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Spotlight on…Ukraine

If you’re not wearing a watch at the moment, I’m more than happy to tell you what time it is. It’s COUNTRY PROFILE O’CLOCK, PEOPLE! A.k.a. time I gave another country its own post, because I’m generous like that. Plus, we’re in the off season so there’s not a whole lot to talk about.

Unfortunately, I’ve already profiled all the countries that would’ve been relevant to do at this stage (Sweden, the hosts past; Denmark, the hosts-to-be…) which you can find here. But wait! There is a little thing called Junior Eurovision on its way, or so we hope, and for the second time it’s heading to Kyiv. So on that basis (an explanation that was really unnecessary when I could have just got on with things, but you know me) I’m shining my spotlight on Ukraine right here, right now. This is an overview of their relatively short, but very sweet time spent showing a lot of other European countries how the ESC is done.





Debut 2003 – 14th with Hasta La Vista by Olexander

Entries 11

Wins 1 – 2004

Silver medals 2 – 2007, 2008

Bronze medals 1 – 2013

Best result 1st – 2004

Top 10 finishes 7/11

Top 10 success rate 63.6%

Top 5 finishes 5/11

Top 5 success rate 45%

Wooden spoons (last places!) 0

Semi final qualifications 8/8

Qualification success rate 100%



My favourite entry

Wild Dances by Ruslana (2004). If this isn’t a dead-set modern Eurovision classic, then I’m not someone who can’t stop blogging about continental song contests. I doubt that sentence made any sense, so let me rephrase it: Wild Dances rocks everybody’s socks. I’ve never encountered anyone who doesn’t at least like it, and only one or two silly folks who don’t think it should have won in Istanbul. In my opinion, Ruslana embodied Ukraine at their very best, with infectious up-tempo ethno-pop and a (whip) cracking stage show.

Not to mention that she didn’t give an oversized horn about her hair getting messed up.

Not to mention that she didn’t give an oversized horn about her hair getting messed up.

My least favourite entry

Hasta La Vista by Olexander (2003). You’re allowed to be rubbish on your first try, so I won’t be too cruel here. Not that this entry was that bad. Not, like, Switzerland ’04-level bad. But it didn’t give us any hints of the awesomeness that was to come, that’s for sure. I think what I disliked most was Olexander/Oleksandr/???’s voice, which was kind of…unusual, to say the least.

More of the memorable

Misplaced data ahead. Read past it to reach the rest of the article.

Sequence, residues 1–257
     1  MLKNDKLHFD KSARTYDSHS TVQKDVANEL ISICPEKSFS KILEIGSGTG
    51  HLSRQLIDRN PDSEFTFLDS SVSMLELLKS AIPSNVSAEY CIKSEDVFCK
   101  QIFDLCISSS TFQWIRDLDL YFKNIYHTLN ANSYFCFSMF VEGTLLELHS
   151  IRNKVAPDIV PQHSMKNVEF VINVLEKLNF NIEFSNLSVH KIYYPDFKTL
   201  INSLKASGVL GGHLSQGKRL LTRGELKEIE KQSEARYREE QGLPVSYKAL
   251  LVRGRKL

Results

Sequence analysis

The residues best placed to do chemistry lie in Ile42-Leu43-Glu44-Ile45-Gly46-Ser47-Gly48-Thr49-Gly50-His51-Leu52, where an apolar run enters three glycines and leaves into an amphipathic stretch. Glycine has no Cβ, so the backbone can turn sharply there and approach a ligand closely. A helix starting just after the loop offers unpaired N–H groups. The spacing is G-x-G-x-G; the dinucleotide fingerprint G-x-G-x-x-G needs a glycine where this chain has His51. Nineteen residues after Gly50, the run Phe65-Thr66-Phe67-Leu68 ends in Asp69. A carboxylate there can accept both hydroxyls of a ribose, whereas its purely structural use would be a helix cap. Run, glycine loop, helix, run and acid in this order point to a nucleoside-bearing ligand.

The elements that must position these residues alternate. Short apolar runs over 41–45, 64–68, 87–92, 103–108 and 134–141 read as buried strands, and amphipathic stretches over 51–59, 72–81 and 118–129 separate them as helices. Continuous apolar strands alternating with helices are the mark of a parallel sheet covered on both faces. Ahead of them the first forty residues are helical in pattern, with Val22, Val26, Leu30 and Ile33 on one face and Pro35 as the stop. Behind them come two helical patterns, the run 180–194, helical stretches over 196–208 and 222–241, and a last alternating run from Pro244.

Dancing Lasha Tumbai by Verka Seduchka (2007) – I bet you’ve got this in your head right now. I also bet you have no questions about why I feel it was memorable.

Shady Lady by Ani Lorak (2008) – One of Eurovision’s most polished performances led to a second consecutive silver medal for the hosts of 2005.

Be My Valentine (Anti-Crisis Girl) by Svetlana Loboda (2009) – Hell machines, Roman soldiers, mobile drum kits and glittery thigh-high boots…yeah, you could say Ukraine went a little OTT in Moscow.

Sweet People by Alyosha (2010) – Then, we had a very pared-back version of Ukraine, which actually served them better. All you need is a costume knitted by your drunk grandmother and a girl who can sing the leg off a chair to succeed.

Angel by Mika Newton (2011) – I love this song, but I’m under no illusions as to why it did so well. Three words: the sand lady.

Their best stage show

Show Me Your Love by Tina Karol (2006)/Shady Lady. This country wrote the book on how to stage an ESC entry (I believe it’s called Whip-Cracks and Jump Ropes and Hell Machines, Oh My!) and here are my two top examples of perfection. Tina had her schweet backing troupe on hand to make her look good with their costume alterations, tambourines and dance moves, and she intermingled with them very well. Ani, on the other hand, had a backing troupe consisting entirely of masculine eye candy and some fun light boxes to play with. And pose in front of. And climb on top of. They’re so versatile. Can you buy them on eBay?

Backing dancer #4 gives a thumbs up to a great performance.

Backing dancer #4 gives a thumbs up to a great performance.

Their best costume/s

Alyosha. As I said earlier, her outfit did look a bit ‘thrown together by grandma after she had a few too many brandies and got hold of some red wool, nude Lycra and a hot-glue gun’. But against all odds, it really worked for the song and the simplicity of the staging. An extra-special touch? The hood Alyosha wore in the beginning and then shed at just the right moment.

Someone had better tell her that a ball of yarn is trying to devour her.

Someone had better tell her that a ball of yarn is trying to devour her.

Their best vocalist/s

Zlata Ognevich. She does alright. OMG JUST KIDDING SHE IS AMAZING PLEASE FORGIVE MEEEE!!!!! I will say that because she can belt out whatever she’s given so effortlessly, she can come across as going through the motions sometimes. But that doesn’t change the fact that her voice is incredible – powerful when it needs to be, but capable of basically anything.


To sum up, the Ukraine is one strong competitor. What with a win and multiple other successes (such as that 100% qualification record) under their Swarovski-encrusted belt, they’ve done brilliantly for a country that hasn’t been a part of Eurovision as long as it may seem. I don’t always love what they send, but 2003 excluded, I never dislike them, and I get a kick out of knowing they can be relied upon to stage a song in the best way possible. Even when they hire giants to carry their artists into the arena in a cringe-worthy move, it ultimately works. Be afraid, Europe, be very afraid. Ukraine can, do and will do things you can only dream of.


What have been your highs and lows of Ukraine’s years in Eurovision? And which country would you like to see profiled next?